Environmentally Secure Concrete Houses

Also in this section:

Addressing the Need for Permanent Shelter in Hawaii

  • Evaluating Wood, Steel, Concrete, and Lightweight Composite
  • Comparing LWC & Wood Structures
  • Examining the resistance to change

Architectural Design © 1992 John August. All Rights Reserved.

The Concrete House

© 1993 John August

The above rendering shows a prototype Lightweight Composite concrete house designed by John August. Although this 1200 square foot, two bedroom home was created specifically to address the need for a low cost/high performance living environment in Hawaii, its design can be easily adapted for any climate. The interior is arranged on a compass orientation (the view is off the north east corner), thus the interplay of sunlight is a significant feature.

As a small, single family residence, the compact floor plan provides ample space for the basics. The north entry vestibule leads to either the living room on the west or family-kitchen area on the east, or upstairs. The lower floor includes a laundry room and a small bath. Upstairs, a full size bath and study accompany the two bedrooms which share a common exterior lanai. The layout assures maximum privacy and noise isolation, either inside or out.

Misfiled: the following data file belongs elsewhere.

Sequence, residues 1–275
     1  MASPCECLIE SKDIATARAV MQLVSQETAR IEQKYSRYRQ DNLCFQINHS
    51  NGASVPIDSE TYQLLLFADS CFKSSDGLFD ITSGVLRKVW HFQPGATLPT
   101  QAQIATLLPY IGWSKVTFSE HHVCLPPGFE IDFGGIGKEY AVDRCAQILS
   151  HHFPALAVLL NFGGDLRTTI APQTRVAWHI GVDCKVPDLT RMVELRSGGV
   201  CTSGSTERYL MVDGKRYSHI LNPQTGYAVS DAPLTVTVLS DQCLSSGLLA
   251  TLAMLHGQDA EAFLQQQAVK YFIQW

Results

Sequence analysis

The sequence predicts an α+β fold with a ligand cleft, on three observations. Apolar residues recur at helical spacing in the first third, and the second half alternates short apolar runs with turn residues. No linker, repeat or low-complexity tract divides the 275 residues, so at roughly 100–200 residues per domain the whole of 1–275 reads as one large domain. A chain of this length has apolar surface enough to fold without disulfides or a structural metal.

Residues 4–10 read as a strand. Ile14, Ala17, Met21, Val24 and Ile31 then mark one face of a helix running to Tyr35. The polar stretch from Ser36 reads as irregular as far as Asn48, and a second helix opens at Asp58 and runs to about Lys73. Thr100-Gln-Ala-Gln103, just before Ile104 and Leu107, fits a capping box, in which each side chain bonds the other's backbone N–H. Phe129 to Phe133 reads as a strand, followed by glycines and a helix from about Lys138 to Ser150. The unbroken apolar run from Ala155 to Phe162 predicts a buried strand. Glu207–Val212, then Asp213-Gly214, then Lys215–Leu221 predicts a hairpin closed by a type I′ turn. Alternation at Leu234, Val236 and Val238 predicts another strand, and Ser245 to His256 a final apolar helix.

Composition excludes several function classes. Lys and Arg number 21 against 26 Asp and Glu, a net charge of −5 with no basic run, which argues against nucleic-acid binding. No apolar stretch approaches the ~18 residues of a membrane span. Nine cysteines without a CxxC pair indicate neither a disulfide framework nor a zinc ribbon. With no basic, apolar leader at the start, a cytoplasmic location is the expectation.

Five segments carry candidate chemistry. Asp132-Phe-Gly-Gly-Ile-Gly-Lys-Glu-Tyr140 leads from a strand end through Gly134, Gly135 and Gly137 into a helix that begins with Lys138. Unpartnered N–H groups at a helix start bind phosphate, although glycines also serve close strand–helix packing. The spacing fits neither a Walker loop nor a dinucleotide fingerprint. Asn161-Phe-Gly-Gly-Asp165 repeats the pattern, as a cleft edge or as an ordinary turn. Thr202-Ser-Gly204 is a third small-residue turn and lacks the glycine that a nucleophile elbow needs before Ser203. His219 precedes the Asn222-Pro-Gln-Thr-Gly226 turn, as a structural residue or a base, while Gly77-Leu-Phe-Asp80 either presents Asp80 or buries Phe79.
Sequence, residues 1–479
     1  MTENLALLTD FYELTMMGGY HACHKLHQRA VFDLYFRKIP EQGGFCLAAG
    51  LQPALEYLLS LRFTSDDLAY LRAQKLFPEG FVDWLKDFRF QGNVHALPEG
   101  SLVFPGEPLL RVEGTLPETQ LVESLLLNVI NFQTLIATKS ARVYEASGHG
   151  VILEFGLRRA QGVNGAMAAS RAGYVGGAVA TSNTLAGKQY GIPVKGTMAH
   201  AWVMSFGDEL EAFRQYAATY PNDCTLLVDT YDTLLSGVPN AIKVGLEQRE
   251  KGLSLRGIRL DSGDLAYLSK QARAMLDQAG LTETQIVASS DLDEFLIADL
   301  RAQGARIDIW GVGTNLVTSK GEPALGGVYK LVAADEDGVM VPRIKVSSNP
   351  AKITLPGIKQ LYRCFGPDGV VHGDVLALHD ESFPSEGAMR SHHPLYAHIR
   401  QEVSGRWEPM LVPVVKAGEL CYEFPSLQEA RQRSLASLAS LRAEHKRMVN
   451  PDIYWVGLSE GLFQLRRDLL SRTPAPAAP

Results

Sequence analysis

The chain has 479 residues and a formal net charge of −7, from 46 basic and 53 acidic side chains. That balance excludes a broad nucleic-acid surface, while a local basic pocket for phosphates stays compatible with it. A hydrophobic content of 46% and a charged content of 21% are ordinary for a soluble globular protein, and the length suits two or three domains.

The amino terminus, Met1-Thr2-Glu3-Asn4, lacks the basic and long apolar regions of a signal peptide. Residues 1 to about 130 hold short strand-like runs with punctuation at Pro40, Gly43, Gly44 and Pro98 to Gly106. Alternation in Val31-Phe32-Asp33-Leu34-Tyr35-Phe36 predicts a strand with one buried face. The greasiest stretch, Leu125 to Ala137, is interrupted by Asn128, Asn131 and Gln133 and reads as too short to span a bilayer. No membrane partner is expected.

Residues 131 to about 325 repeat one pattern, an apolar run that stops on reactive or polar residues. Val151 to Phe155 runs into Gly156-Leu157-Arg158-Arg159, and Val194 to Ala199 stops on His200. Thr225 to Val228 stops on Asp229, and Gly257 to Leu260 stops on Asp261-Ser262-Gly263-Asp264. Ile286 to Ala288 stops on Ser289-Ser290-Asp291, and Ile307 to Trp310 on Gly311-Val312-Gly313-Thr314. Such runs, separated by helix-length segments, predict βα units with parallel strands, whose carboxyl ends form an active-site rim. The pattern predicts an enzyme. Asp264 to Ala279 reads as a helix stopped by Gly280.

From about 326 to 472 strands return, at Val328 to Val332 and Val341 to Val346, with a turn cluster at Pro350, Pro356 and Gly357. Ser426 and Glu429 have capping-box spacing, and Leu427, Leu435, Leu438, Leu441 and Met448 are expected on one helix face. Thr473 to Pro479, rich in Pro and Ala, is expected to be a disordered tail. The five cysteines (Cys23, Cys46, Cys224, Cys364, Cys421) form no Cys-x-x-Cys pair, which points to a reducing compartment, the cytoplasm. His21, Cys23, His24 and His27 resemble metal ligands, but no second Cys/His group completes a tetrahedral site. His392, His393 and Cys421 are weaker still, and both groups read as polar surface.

Every main room has three-way sunlight and ventilation, leaving no dark corners. The interior stairwell, centrally located, also serves as a ventilation corridor. Windows in the upper eaves are permanently vented at the top to allow continuous air circulation. Louvers are placed strategically where air flow supersedes light requirements. Use of interior windows allows morning or afternoon light to reach most rooms.

Structurally, steel reinforced concrete shear columns support a monolithically cast Lightweight Composite curvilinear roof and ceiling system which gives the dwelling a cooler feeling due to its high insulating qualities. Rain water naturally flows to the corners where it can be directed to a cistern. The eaves extend to six feet; the upper balcony is fully covered. Lower walls are nine inches thick; upper walls are six inches. Both ceilings are cast vaulted arches, providing 9.5 feet of headroom. Total building height is 20 feet.

This low maintenance Lightweight Composite house is fire, rot, termite, and hurricane proof. It can withstand a moderate earthquake without structural failure. A complete set of plans will soon be available from the author, who is also seeking venture capital to develop several models suitable for low to moderate cost housing which will have a lifespan measured in terms of centuries, not decades.

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Select one of the below for additional information on each subject:

Addressing the Need for Permanent Shelter in Hawaii

Evaluating Wood, Steel, Concrete, and LWC

Comparing LWC & Wood Structures

Interlocking Pavers & Molds

Concrete Furniture & CMUs

Lightweight Composite Concrete

Secure Concrete Houses

Architectural & Related Design